"You cannot see the wood for the trees."
Translation:C'est l'arbre qui cache la forêt.
I used a literal translation from a previous exercise the one which said :"(parfois) les arbres ne vous laissent pas voir la forêt" and now it wants an idiomatic translation. I think there should be some indication that an idiom rather than the literal translation is required. The problem with idioms as we can see from this discussion is that they differ from one region to another.
First, it is a saying/proverb/idiom. Second, one tree does not obscure a forest. Third, the English sentence presented says "trees" not "tree". "Le bois" is just another word for a wooded area which, last time I looked, is another word for forest. As you will learn, being literal is not necessarily better and with an expression like this one, it is obvious that Duo rejects a translation and instead wants us to guess what the French equivalent is. The point is simply that this is not a translation exercise, it is a test to see if you can intuitively transform an idiom from one language into a similar idiom in another language. If Duo users took such liberties in normal translations, nobody would get past level 2.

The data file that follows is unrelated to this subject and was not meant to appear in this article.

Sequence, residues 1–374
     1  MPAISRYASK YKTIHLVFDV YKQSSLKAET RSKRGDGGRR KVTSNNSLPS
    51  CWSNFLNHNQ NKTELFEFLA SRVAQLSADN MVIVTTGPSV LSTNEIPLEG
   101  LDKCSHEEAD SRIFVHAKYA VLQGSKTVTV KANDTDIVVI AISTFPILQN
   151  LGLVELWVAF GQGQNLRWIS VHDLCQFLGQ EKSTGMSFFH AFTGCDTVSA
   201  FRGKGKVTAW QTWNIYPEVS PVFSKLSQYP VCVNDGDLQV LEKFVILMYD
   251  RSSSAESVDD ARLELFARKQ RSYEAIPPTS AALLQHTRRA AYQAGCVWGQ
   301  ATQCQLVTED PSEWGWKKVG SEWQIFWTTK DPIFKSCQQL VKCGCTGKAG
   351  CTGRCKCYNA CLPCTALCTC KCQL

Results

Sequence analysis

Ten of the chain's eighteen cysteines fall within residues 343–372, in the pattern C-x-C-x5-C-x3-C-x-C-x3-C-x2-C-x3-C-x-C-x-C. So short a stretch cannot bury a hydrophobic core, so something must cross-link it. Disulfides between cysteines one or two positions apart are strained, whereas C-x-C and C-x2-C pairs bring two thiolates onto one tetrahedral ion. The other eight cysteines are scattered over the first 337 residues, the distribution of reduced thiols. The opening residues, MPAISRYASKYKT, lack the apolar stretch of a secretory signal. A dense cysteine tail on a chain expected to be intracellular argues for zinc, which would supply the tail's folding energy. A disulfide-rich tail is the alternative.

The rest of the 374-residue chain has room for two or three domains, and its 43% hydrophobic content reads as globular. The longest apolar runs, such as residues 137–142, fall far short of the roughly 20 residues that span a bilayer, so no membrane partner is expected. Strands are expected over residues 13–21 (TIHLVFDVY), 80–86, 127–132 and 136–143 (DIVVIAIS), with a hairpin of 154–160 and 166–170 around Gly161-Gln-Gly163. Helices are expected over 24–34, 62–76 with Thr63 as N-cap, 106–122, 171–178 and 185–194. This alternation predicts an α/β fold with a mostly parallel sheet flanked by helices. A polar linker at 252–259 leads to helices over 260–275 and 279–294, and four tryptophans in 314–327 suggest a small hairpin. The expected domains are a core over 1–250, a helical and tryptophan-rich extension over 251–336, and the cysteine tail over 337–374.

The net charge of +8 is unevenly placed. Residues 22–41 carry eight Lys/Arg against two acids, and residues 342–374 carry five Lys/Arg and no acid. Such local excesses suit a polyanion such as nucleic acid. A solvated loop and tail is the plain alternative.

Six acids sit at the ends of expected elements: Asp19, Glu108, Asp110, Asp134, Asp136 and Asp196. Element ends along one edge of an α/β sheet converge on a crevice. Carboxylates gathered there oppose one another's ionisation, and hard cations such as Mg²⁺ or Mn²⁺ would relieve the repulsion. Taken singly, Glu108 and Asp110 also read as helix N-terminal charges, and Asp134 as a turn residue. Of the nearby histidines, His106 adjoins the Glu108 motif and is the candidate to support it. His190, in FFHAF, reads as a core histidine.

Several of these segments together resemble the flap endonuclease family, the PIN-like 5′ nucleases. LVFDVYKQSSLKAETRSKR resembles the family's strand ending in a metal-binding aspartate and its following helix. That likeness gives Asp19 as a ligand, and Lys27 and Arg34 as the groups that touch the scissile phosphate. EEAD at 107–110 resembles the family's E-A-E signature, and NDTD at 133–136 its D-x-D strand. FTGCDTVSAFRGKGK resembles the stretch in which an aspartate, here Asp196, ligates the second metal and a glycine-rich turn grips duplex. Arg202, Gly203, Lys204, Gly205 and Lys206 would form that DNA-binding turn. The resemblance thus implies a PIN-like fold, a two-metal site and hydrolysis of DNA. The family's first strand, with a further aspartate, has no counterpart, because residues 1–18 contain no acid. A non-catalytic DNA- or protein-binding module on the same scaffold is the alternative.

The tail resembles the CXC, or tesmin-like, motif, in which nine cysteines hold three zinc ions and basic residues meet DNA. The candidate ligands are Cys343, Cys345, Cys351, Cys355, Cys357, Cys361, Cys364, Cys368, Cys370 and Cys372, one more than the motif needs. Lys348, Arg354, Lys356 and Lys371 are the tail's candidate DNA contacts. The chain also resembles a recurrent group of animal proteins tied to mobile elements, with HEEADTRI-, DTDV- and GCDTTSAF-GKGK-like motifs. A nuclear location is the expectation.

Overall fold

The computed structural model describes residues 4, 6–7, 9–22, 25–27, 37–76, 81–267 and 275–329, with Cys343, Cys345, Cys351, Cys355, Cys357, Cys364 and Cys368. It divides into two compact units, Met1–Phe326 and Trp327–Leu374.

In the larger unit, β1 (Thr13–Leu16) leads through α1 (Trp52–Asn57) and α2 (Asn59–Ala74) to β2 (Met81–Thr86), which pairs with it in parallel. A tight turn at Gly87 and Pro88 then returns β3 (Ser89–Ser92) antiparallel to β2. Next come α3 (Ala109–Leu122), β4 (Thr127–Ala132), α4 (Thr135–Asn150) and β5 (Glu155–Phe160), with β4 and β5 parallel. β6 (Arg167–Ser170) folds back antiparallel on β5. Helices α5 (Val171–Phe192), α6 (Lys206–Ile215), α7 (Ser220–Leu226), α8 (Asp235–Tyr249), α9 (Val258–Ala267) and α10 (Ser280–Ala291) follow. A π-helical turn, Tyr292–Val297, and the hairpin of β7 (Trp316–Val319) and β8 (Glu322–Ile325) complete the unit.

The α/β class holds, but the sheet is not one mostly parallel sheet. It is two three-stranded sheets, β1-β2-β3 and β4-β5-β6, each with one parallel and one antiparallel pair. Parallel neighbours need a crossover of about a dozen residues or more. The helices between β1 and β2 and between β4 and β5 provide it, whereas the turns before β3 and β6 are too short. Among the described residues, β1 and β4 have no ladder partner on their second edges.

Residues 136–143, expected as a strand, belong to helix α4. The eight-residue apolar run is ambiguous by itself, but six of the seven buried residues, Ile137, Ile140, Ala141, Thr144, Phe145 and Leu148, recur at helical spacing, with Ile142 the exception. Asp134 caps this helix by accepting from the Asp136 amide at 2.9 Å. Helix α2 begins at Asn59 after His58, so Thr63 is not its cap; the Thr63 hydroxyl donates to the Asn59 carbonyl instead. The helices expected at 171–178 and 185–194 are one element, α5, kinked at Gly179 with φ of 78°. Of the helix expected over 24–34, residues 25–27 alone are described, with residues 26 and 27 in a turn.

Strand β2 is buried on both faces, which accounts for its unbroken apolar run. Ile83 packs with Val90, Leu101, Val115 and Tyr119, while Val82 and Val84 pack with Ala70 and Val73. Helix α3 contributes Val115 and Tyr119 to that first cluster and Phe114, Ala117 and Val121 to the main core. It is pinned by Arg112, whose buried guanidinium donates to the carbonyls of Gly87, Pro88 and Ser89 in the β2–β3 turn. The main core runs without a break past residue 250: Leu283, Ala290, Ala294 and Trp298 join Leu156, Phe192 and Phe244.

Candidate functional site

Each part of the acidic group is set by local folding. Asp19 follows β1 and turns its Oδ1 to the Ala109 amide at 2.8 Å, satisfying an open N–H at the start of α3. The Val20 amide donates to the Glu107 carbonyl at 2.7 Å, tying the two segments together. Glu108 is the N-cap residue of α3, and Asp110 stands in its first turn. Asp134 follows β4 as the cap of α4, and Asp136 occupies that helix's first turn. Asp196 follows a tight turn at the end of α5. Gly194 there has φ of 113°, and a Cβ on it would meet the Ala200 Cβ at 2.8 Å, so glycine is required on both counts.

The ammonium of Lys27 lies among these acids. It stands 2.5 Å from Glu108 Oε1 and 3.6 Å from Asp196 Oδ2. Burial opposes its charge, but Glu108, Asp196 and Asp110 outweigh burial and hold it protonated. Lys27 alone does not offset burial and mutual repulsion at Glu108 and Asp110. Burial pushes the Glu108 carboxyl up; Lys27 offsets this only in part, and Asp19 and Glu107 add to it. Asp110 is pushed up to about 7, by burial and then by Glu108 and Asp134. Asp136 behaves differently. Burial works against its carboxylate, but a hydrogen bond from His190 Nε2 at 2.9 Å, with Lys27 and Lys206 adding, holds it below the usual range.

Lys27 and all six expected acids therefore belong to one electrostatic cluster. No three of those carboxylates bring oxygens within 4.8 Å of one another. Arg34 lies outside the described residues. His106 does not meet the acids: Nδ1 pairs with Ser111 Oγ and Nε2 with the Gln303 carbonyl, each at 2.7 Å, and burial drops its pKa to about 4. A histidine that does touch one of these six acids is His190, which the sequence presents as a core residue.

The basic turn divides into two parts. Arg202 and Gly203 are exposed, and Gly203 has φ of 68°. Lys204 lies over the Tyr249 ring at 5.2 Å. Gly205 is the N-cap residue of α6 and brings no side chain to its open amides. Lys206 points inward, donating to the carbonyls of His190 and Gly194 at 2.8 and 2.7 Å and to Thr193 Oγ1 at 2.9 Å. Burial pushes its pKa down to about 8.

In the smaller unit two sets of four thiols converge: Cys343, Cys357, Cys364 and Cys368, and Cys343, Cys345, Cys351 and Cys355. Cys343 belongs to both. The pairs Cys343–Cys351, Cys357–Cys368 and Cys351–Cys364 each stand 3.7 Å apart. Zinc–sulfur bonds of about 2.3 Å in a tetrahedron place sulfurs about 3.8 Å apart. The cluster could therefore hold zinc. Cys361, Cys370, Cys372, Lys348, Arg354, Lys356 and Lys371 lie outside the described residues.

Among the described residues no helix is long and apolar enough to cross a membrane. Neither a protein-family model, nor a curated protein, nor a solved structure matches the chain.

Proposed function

This is total crap. Cacher = to hide. Show me, in "You cannot see the wood for the trees."... where is the word "hide"?
This one must have been constructed by a non-native English speaker. "Wood" (as well as "woods") is a synonym for forest, but it's a more poetic or even archaic usage, much less commonly used by native speakers. I join all who were annoyed at losing a heart when DL expected idiomatic French in exchange for non-idiomatic English.
On the brighter side, "le bois" actually does mean a wood (chiefly literary) or woods, as in a "wooded area", not just wood, the material. A few years ago, I visited Paris and the lovely Bois de Boulogne just west of the Eiffel Tower was a real treat--il est très pittoresque. http://www.paris-walking-tours.com/boisdeboulogne.html